Please Note: This article is written for users of the following Microsoft Word versions: 97, 2000, 2002, and 2003. If you are using a later version (Word 2007 or later), this tip may not work for you. For a version of this tip written specifically for later versions of Word, click here: Changing a Heading to Body Text.

Changing a Heading to Body Text

by Allen Wyatt
(last updated May 18, 2013)

Word contains a powerful outlining system that allows you to quickly make changes to document structure. You do this in Outline view, which is most easily invoked by clicking on the Outline view button on the status bar. When you enter Outline view, Word displays an Outline toolbar at the top of the document window. You use the controls on the toolbar to change indentation levels for your outline.

Besides headings, you may have body text within your document. You may wish to change a current heading to body text. You can do this in any of these ways, after positioning the insertion point on the heading you want to change:

  • Using the mouse, click on the Demote to Body Text tool. This is the one that looks like two right arrows.
  • Apply a formatting style that is not a heading level.
  • Using the mouse, drag the body text indicator (the small plus sign to the left of the heading) to the right. Drag it far enough that you pass through all nine heading levels, which is necessary before the paragraph is changed to body text.

WordTips is your source for cost-effective Microsoft Word training. (Microsoft Word is the most popular word processing software in the world.) This tip (762) applies to Microsoft Word 97, 2000, 2002, and 2003. You can find a version of this tip for the ribbon interface of Word (Word 2007 and later) here: Changing a Heading to Body Text.

Author Bio

Allen Wyatt

With more than 50 non-fiction books and numerous magazine articles to his credit, Allen Wyatt is an internationally recognized author. He  is president of Sharon Parq Associates, a computer and publishing services company. ...

MORE FROM ALLEN

Finding Fields

Fields allow you to add simple dynamic content to your document. Here's how you can find the fields when you need to know ...

Discover More

Adjusting a Range's Starting Point

Select a range of cells, and one of those cells will always be the starting point for the range. This tip explains how to ...

Discover More

Putting More than One Hyperlink in a Cell

Excel allows you to put a single hyperlink in a cell. If you have a need to put multiple hyperlinks in a cell, then you need ...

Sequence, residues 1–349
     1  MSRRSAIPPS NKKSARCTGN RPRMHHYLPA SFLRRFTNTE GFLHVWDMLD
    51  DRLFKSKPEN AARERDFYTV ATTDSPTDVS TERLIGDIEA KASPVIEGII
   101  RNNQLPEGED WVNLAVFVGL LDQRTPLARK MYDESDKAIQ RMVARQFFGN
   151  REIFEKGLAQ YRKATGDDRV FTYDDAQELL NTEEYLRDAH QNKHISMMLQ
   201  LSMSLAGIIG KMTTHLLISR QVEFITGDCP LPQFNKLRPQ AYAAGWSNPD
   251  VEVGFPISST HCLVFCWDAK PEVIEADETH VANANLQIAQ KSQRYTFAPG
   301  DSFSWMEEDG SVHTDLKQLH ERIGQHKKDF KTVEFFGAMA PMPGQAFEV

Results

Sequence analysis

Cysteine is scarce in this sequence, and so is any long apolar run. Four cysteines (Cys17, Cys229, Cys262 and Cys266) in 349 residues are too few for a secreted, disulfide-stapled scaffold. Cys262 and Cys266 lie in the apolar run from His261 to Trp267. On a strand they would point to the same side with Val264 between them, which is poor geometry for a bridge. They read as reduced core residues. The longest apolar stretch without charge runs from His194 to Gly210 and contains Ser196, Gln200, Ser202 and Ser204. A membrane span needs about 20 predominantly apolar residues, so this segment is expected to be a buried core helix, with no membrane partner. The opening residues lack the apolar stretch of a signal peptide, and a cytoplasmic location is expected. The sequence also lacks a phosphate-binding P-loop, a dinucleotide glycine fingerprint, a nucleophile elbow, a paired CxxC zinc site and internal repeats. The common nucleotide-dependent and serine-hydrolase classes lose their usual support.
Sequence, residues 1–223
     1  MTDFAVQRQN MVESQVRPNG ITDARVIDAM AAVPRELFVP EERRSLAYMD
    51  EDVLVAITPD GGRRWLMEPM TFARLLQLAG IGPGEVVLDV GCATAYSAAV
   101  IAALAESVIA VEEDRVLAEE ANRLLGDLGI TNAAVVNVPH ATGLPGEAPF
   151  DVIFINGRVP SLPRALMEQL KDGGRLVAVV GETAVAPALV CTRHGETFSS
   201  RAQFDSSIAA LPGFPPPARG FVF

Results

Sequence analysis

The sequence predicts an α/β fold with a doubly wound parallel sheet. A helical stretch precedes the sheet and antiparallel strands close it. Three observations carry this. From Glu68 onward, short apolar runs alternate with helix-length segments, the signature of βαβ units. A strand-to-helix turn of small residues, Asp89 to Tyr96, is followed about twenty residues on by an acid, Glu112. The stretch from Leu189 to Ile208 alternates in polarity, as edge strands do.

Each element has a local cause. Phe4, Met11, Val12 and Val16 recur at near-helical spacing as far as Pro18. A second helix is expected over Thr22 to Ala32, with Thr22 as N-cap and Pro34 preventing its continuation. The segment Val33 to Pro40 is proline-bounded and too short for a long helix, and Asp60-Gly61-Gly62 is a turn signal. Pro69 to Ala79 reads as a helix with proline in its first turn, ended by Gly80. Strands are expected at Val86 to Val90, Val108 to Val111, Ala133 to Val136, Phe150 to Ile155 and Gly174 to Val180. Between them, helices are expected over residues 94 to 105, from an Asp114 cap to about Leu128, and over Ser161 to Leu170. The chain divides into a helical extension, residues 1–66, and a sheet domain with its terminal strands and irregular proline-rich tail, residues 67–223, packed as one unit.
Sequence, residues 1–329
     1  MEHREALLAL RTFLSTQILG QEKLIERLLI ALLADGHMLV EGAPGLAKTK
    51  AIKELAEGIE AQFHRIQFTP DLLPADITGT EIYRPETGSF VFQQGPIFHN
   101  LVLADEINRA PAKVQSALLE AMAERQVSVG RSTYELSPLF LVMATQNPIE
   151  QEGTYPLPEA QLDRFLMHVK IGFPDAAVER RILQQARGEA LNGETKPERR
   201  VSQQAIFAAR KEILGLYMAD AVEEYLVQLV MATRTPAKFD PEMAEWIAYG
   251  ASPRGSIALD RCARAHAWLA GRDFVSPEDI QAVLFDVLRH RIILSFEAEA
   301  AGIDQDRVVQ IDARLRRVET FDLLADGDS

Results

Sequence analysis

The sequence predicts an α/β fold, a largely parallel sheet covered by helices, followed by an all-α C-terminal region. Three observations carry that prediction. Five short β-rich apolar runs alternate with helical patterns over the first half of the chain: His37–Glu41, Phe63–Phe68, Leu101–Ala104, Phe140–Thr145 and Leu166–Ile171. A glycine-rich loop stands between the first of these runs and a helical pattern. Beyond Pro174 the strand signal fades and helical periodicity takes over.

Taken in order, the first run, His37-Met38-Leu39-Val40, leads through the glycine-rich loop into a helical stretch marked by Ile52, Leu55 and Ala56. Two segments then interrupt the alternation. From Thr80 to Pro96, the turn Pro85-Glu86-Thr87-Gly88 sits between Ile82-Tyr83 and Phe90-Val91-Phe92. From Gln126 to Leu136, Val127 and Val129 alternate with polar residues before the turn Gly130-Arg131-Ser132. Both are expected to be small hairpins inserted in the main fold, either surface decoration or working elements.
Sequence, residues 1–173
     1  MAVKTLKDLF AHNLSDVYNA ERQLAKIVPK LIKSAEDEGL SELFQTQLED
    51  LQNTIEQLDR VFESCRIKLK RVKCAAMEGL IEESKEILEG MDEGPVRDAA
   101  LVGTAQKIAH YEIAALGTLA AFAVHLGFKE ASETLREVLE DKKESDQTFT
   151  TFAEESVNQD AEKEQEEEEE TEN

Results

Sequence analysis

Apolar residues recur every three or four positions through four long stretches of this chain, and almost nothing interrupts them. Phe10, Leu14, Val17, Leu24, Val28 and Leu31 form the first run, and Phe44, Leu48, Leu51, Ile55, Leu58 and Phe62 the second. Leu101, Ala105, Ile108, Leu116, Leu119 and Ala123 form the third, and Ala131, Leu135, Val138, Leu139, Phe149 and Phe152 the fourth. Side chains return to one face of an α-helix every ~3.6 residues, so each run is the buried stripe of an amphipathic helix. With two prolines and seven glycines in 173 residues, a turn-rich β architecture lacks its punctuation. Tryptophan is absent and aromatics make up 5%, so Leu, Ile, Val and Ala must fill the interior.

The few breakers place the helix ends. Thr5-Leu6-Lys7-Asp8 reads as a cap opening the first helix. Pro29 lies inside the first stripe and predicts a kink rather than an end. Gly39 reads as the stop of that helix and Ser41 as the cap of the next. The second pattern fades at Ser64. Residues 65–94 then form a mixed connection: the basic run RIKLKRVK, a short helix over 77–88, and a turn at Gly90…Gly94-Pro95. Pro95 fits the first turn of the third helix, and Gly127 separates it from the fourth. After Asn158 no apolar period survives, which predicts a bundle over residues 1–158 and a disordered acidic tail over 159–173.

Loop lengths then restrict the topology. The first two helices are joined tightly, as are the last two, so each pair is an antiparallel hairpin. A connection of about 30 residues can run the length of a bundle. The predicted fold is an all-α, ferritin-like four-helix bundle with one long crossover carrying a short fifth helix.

Discover More

The First and Last Word on Word! Bestselling For Dummies author Dan Gookin puts his usual fun and friendly candor back to work to show you how to navigate Word 2013. Spend more time working and less time trying to figure it all out! Check out Word 2013 For Dummies today!

MORE WORDTIPS (MENU)

Changing Body Text to a Heading

When working on a document in Outline view, you may need to change regular body text to a heading in the outline. It's easy ...

Discover More

Formatting In Your Outline

Don't like the formatting that appears when looking at your document in Outline view? You can turn off the formatting and ...

Discover More

Printing an Outline

Outlining is a great way to develop the content of your document. If you need to, you can even print the outline and only the ...

Discover More
Subscribe

FREE SERVICE: Get tips like this every week in WordTips, a free productivity newsletter. Enter your address and click "Subscribe."

View most recent newsletter.

Comments for this tip:

There are currently no comments for this tip. (Be the first to leave your comment—just use the simple form above!)

This Site

Got a version of Word that uses the menu interface (Word 97, Word 2000, Word 2002, or Word 2003)? This site is for you! If you use a later version of Word, visit our WordTips site focusing on the ribbon interface.

Subscribe

FREE SERVICE: Get tips like this every week in WordTips, a free productivity newsletter. Enter your address and click "Subscribe."

(Your e-mail address is not shared with anyone, ever.)

View the most recent newsletter.

Links and Sharing
Share